“The classroom environment is very positive,” writes Ms. Nozik, a 9th-grade teacher at Carlmont High School in Belmont California. “Students enjoy doing labs because they get to engage with science directly, instead of hearing about it. The students enjoy doing inquiry work – figuring out things by themselves. This is engaging for them and helps develop their critical thinking skills and their independence. They work well with each other in the lab and have the opportunity to get to know each other better. This makes their learning more interesting, engaging and enjoyable.” Read more
Thanks to Micro:Bit Basic Kits Donated by The Student Research Foundation
The students in Mrs. Riley’s classroom were eager to learn computer science, but the East Bernard High School in rural Texas lacked the funds to equip their classrooms with the computers they needed to learn to code. So Mrs. Riley, who is committed to providing the best learning opportunities possible for her students, came up with a solution. If she could equip her classroom with Electronix Express Micro:Bit Basic Kits, which cost only $22.95, her students could study computer science and learn skills similar to those being taught in larger school systems. Read more
Students Who Plan to Study Computer Science in College Still Need Lots of Career Advice
The Student Research Foundation asked 267,363 American high school students about their career plans. Of those students, 33,535 expressed interest in computer careers.
That sounds about right, doesn’t it? But the study also uncovered something that borders on the shocking . . . Read more
Brain Dissection Supplies Are Helping Mr. Kincaid’s Students Become Better Scientists
Students can only learn so much about brain anatomy by looking at books or poking around online. If they want to learn about how complex brains are and how they work, there comes a time when they have to dissect actual brains. Read more
Many educational tools have gone out of fashion in the past few decades. A partial list includes the blackboard, the slide rule, the so-called New Math, the study of cursive penmanship, the mimeograph machine, carbon paper, dot matrix printers, slide projectors, and screaming modems.
Yes, lots of things have come and gone. But there is one thing that students still need to know about and use . . . Read more
Did you know that not all sculpture is made of marble, granite, bronze or concrete? Some of it can be made from living plants like rosemary, lavender and marigolds that are attached to underlying structures. And when you make a sculpture out of living plants, something interesting can happen. It can become a living laboratory where students can study how insects are attracted to plants, how predatory insects attack the first insects that arrived, and much more. The result? A living experiment where students can prepare for future careers in science and agriculture. Read more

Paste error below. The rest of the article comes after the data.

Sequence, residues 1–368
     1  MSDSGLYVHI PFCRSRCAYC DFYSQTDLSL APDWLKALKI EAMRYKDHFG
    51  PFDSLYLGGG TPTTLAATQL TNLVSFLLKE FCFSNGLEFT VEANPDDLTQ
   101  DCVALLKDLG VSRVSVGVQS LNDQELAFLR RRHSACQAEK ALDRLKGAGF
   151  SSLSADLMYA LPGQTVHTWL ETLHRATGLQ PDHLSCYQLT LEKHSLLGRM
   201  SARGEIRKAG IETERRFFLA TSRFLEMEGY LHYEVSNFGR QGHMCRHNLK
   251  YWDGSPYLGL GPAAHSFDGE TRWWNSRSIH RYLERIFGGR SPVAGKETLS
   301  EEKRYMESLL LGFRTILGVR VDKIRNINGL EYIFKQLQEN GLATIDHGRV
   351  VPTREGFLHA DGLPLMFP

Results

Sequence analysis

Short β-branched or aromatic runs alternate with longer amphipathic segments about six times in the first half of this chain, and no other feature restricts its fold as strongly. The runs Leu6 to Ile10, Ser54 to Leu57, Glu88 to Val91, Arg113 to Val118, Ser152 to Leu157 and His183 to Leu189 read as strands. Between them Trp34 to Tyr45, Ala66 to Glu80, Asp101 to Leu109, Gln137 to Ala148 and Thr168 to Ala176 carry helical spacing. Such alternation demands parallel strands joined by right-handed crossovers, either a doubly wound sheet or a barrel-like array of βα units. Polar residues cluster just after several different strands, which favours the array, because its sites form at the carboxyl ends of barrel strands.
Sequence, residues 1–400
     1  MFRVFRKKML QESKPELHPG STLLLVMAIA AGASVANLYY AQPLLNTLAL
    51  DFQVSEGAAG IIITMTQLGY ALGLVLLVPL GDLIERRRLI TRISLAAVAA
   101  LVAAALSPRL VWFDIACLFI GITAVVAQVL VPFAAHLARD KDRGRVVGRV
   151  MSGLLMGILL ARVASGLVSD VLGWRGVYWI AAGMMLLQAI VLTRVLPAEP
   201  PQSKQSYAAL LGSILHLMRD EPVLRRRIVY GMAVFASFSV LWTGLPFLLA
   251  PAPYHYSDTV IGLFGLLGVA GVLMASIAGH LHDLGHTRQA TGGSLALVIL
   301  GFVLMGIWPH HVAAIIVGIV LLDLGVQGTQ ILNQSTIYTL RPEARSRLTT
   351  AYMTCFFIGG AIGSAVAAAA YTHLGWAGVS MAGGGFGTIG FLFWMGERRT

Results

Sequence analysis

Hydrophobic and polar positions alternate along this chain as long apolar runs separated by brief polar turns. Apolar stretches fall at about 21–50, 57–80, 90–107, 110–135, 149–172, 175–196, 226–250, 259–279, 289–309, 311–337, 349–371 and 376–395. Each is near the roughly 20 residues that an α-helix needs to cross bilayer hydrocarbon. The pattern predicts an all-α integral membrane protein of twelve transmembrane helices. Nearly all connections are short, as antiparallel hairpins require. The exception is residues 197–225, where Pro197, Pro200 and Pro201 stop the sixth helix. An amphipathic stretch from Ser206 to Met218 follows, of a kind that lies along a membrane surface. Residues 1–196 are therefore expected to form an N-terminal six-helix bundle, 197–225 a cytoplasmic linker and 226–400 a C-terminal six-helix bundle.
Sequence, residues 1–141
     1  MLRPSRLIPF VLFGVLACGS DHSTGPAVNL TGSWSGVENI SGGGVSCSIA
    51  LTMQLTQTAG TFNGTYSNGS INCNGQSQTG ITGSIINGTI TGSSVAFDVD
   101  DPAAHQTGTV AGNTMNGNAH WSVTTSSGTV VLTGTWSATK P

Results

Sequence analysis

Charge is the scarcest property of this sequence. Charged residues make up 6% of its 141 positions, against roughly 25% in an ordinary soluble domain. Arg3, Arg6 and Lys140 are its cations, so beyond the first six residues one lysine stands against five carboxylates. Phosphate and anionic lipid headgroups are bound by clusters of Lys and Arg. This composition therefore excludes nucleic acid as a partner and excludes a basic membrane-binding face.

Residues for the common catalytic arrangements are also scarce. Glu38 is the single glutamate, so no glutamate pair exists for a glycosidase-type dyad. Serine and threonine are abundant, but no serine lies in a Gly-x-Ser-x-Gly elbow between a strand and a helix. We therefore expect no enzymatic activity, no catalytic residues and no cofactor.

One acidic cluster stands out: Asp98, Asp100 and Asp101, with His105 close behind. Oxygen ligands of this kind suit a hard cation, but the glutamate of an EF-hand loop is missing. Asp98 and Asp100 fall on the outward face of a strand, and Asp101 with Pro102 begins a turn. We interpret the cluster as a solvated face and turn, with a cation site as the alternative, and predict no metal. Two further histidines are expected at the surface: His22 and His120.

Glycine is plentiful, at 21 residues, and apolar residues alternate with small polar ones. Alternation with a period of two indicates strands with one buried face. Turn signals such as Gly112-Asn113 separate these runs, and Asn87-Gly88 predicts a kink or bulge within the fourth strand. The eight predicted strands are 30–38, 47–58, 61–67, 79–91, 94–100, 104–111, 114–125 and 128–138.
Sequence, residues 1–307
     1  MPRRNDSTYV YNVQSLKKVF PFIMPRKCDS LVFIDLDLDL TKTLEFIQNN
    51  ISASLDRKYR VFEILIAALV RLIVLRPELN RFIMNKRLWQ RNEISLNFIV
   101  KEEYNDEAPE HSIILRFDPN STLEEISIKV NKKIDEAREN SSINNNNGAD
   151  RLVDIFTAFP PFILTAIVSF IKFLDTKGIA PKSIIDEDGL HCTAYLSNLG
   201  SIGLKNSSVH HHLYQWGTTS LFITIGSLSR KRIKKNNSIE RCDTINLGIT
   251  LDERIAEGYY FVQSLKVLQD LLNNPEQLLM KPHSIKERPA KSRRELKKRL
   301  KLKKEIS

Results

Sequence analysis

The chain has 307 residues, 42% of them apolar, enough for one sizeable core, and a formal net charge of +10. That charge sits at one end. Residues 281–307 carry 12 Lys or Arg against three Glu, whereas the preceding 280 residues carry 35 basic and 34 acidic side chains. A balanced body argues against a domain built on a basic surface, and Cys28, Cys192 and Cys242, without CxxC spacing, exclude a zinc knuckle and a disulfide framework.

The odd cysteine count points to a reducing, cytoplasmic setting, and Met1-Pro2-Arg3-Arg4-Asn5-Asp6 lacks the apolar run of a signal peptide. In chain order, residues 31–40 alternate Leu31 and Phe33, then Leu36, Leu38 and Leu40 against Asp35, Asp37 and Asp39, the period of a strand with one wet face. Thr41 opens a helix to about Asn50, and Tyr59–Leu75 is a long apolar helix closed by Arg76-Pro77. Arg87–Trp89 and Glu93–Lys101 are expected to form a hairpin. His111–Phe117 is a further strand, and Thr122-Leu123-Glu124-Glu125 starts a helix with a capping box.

Mrs. Dabney, Pasadena Texas High School Librarian, Helps Her Students Learn about Slime!
“Libraries aren’t just for reading anymore,” writes Mrs. Dabney, a high school librarian in Pasadena, TX. “Today’s libraries have books, technology, games, and maker spaces. We are striving to be the best library we can be in the 21st century. Our students lack many experiences due to socio-economic status, and we want to change that.”
New Student Research Foundation Study Finds that Students from All Backgrounds Feel the Same Way about Physics
In 2017, the Student Research Foundation asked 16,129 American high school students how they felt about the STEM subjects they were studying. The research was conducted in collaboration with our STEM Research Consortium partners, the American Association of Physics Teachers, National Girls Collaborative Project, and the National Association of Biology Teachers.
Why we funded Ms. McCall’s project to help her students study the Colorado River
How difficult is it to learn about how water flows through a river and affects its topology? Although it sounds like an easy body of information to understand, it isn’t. And it is most effectively learned when students have the classroom tools they need to simulate water flow and river erosion. Read more